Date of Award
Bachelor of Arts
Dr. Rick Mayes
This thesis seeks to explain why rates of severe mental illness in the criminal justice system have risen steadily throughout the past three decades, despite an increasing acknowledgement of the importance of mental health to overall health. Legislative, scientific, and societal advances have aimed at increasing access to and bolstering the quality of mental health care. Yet, the large numbers of severely mentally ill persons residing in the criminal justice system imply care in the community is not adequately serving their needs, or that, for whatever reason, they are not seeking care. I begin my analysis by considering mental health care through a justice lens, laying out three conditions that must be met if justice is to be served for persons with severe mental illness. The first is material-based and is that persons with severe mental illness should have access to the material resources necessary for them to thrive on par with the rest of society. The second two are value-based and have more to do with the recognition this group receives. First off, there should not exist institutionalized stigma attached to persons with severe forms of mental illness, and, second, policies should reflect the unique needs of this population. When all three of these conditions are met, parity of participation is achieved. This justice framework guides the rest of my paper, as I explore the current state of the United States mental health system, the consequences of its focus on mainstreaming, and the historical reasons why the system developed in the way it did. I end by looking forward to small-scale policy changes that move persons with severely mental illness closer to participatory parity. I ultimately conclude that, although these policies likely will aid in achieving some degree of participatory parity for this highly marginalized population of individuals, we as a society have a long way to go before such an ideal can be reached.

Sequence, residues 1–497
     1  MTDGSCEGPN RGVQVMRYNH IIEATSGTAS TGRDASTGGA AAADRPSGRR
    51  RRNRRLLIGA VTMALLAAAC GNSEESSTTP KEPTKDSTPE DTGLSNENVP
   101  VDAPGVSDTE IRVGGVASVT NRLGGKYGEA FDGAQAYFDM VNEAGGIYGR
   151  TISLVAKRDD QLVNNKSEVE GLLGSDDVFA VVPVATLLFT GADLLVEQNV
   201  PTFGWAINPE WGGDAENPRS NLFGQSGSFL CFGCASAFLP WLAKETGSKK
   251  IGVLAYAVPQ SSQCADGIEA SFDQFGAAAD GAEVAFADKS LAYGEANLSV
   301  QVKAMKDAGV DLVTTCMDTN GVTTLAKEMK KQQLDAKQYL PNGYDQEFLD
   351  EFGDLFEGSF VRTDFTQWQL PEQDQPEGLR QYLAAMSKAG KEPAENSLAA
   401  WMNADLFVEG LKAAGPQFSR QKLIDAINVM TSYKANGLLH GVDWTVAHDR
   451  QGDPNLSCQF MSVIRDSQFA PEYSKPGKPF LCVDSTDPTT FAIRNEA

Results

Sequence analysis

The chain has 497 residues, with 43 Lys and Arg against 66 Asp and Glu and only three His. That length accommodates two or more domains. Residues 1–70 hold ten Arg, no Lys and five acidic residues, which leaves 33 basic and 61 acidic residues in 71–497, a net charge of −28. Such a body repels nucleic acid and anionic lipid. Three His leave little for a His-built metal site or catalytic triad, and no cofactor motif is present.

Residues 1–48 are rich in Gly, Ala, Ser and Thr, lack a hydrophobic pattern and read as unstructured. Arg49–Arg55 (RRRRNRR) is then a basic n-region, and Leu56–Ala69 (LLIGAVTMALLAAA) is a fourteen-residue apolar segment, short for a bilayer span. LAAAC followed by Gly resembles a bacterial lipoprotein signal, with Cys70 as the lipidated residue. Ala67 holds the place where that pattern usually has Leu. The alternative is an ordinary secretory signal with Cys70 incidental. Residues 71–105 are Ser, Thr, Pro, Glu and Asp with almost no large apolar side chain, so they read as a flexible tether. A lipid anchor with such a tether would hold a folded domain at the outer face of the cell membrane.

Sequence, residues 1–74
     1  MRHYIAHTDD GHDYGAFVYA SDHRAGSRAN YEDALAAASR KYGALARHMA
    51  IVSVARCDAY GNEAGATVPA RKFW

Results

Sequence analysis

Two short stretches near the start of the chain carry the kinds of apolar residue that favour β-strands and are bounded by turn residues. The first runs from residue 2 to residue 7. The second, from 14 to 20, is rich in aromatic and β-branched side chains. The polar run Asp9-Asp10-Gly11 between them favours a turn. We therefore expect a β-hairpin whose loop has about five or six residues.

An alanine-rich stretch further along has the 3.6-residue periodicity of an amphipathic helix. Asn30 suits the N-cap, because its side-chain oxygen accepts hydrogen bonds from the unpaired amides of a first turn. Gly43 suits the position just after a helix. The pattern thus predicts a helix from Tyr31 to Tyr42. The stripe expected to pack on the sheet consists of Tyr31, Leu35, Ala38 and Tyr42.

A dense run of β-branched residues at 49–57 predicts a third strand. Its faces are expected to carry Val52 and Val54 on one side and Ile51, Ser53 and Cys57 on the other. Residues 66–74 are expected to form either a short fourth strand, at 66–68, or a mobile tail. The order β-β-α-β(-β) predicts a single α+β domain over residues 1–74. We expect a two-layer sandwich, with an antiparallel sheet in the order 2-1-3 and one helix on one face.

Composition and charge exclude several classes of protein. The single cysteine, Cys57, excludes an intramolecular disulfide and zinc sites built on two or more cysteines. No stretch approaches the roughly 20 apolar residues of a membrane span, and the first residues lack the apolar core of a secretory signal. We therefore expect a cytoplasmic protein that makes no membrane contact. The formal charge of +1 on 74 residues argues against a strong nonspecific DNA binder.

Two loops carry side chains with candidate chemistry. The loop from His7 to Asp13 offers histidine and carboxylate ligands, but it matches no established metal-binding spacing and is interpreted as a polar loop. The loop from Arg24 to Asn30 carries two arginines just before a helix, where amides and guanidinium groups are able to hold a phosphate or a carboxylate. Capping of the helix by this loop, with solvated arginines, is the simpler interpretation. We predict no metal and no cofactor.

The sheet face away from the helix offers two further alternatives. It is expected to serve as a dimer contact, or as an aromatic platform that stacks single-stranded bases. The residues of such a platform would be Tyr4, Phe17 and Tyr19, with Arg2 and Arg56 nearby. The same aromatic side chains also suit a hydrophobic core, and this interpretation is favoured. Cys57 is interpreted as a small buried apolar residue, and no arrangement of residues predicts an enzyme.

Martin, Michele, "From prisons to asylums, and back : mental health policy in the age of neoliberalism" (2015). Honors Theses. 807.